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Foreign Policy

U.S.-ASEAN Summit: What It Means

May 18, 2022
  • Zhang Yun

    Associate Professor, National Niigata University in Japan


On May 12-13, leaders from the United States and ASEAN convened their first offline meeting since 2017 in Washington. Many analysts saw it as an important link in the formal implementation of the U.S. Indo-Pacific strategy. U.S. President Joe Biden will soon undertake his first Asia trip since his inauguration, participating in the QUAD summit after visits to the Republic of Korea and Japan.

That ASEAN leaders would travel to faraway Washington during the pandemic has also been deemed as evidence of ASEAN’s increasing expectations of the U.S. The proposal in the summit’s joint vision statement to establish an ASEAN-U.S. comprehensive strategic partnership has been read as an American attempt to compete with the all-around strategic partnership China formed with ASEAN last year, although some analysts believe the summit showed nothing new and perceived more diplomatic rhetoric than specific commitment.

It would be misleading to judge the summit from the American perspective; it must be scrutinized from the ASEAN angle. From that perspective, the summit can be seen as beneficial not only to ASEAN but to all state-to-state relations in the region.

First, through the summit, ASEAN made the U.S. ascertain the “ASEAN-centric principle” in multilateralism in the Indo-Pacific. Judging from the joint statement, it did appear to be ASEAN-led and ASEAN-centric in every aspect. While the summit took place in the U.S., ASEAN came first in the title of the joint statement, which emphasized at the start the importance of adherence to such core ASEAN political documents as the ASEAN Charter, ASEAN Zone of Peace, Freedom and Neutrality and the Treaty of Amity and Cooperation in Southeast Asia. It highlighted the fact that both ASEAN’s Indo-Pacific vision and the U.S. Indo-Pacific Strategy are committed to ASEAN’s central role. Biden also said at the meeting that ASEAN’s central role is the core of the administration’s Indo-Pacific Strategy.

For ASEAN, which is relatively weak in international politics in terms of hard power, the fundamental source of international credibility and influence lies in maintaining dialogue and cooperation relations with every major country, and playing a central role in the process.

This year marks the 45th anniversary of the ASEAN-U.S. dialogue relationship, while China, which has a shorter history dealing with ASEAN, established an all-around strategic partnership last year. In this sense, ASEAN needs room to maneuver balanced development in relations with all major countries, so that the U.S. won’t lag behind and ASEAN will continue its pulling effect.

Second, the summit set the tone for ASEAN-U.S. and regional multilateral cooperation. And it pointed the way to achieve security guarantees. The statement’s contents fall in the following eight fields:

• anti-pandemic

• health security and joint recovery

• economic ties and interconnectivity

• maritime cooperation

• people-to-people connectivity

• sub-regional development

• technology utilization and innovation facilitation

• climate change, peace and trust-building. 

The third and final items involve traditional security. The former stresses the significance of enhancing trust between countries via confidence-building and preventive diplomacy; the latter emphasizes content regarding the Southeast Asian Nuclear Weapon-Free Zone, envisioning a region free of all other weapons of mass destruction.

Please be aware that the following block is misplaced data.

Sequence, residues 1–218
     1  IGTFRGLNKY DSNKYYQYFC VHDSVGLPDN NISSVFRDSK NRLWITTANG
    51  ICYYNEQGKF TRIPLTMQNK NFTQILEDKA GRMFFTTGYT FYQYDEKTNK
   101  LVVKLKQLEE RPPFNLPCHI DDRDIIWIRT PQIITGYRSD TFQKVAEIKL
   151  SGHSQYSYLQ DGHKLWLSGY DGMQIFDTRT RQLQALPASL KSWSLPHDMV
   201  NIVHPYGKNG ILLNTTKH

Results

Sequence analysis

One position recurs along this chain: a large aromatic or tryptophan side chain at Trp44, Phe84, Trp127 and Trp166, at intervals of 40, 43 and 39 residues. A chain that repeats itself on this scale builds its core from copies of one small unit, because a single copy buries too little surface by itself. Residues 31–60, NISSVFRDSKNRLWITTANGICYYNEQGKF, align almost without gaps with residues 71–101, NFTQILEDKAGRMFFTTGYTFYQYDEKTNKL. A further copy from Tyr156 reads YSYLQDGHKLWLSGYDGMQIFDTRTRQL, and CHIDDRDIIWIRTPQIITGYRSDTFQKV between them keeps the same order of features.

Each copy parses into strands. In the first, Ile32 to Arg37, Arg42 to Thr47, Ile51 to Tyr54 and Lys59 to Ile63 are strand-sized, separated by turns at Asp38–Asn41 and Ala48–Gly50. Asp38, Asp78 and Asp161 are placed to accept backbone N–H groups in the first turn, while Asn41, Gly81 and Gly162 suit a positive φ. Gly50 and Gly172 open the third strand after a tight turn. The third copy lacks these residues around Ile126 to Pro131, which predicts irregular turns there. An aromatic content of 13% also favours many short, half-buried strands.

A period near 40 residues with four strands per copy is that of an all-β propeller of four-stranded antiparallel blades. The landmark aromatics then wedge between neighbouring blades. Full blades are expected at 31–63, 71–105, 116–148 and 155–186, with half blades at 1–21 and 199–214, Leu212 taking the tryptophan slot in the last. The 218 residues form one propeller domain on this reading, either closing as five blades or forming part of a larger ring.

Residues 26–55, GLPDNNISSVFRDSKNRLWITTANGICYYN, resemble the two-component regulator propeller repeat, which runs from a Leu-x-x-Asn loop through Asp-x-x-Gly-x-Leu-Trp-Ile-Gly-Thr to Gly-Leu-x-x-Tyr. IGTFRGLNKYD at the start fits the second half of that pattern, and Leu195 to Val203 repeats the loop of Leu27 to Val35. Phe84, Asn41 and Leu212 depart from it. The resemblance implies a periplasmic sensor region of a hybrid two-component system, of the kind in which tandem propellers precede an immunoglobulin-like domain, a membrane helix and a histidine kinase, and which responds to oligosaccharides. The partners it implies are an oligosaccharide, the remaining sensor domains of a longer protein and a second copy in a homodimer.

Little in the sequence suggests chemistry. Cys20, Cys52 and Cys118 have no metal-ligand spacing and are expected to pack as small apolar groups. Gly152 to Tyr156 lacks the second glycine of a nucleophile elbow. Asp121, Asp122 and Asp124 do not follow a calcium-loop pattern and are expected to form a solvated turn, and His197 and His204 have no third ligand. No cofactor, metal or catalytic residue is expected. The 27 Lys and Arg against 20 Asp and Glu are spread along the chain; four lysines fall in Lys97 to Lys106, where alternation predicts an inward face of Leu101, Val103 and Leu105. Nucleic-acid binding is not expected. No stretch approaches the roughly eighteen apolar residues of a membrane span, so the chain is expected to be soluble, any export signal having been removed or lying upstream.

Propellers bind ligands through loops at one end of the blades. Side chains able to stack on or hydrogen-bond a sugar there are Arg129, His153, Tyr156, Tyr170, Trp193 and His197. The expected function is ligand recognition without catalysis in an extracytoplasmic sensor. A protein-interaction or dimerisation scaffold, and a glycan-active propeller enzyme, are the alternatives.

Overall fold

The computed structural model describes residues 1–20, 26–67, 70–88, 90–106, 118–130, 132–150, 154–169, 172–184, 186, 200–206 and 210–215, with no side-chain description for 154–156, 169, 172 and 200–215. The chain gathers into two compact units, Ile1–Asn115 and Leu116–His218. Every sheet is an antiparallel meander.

Such content looks like reiteration of previous principles. Yet, as the war in Ukraine deals significant blows to the security outlook of many countries, especially in Europe, this is of great importance. It shows ASEAN has not changed its persistent idea and principle of achieving common security through trust-building via dialogue and consultation. In sharp contrast to the trend in Europe, it doesn’t seek to acquire security by building military alliances or introducing heavy weaponry.

To write such content into the U.S.-ASEAN leaders’ statement would have created a certain restrictive effect on the regional security outlook’s potential regression to Cold War thinking. 

Third, the joint statement’s emphasis on interconnectivity as a keyword will have a restrictive impact on the prospect of mushrooming minor multilateral mechanisms in the region, which might weaken the existing ASEAN-centric regional multilateral framework.

In economic cooperation, the statement emphasized seamless regional interconnectivity, which is in clear contrast with the U.S. proposal of building like-minded supply chains and semiconductor alliance between and among allies and partners with shared values.

In technology and innovation, the statement highlighted digital interconnectivity, as well as regional payment for interconnectivity, indicating ASEAN’s determination to continue promoting regional economic integration.

As the U.S. withdrew from TPP and is yet to join the RCEP, the appeal would be limited to ASEAN if the U.S. wants to compensate for its absence by means of such minor multilateral mechanisms as the Quad, AUKUS and the U.S.-Japan-ROK alliance. As to the Quad, the statement expressed hope that its vaccine partner proposal can contribute to regional public health along with other international multilateral vaccine programs.

This U.S.-ASEAN summit again displayed ASEAN’s non-ideological, non-military philosophy. It seeks development via interconnectivity in leading regional multilateralism over the past decades. ASEAN-centrality will continue to be the sole viable model for promoting Asian multilateralism.

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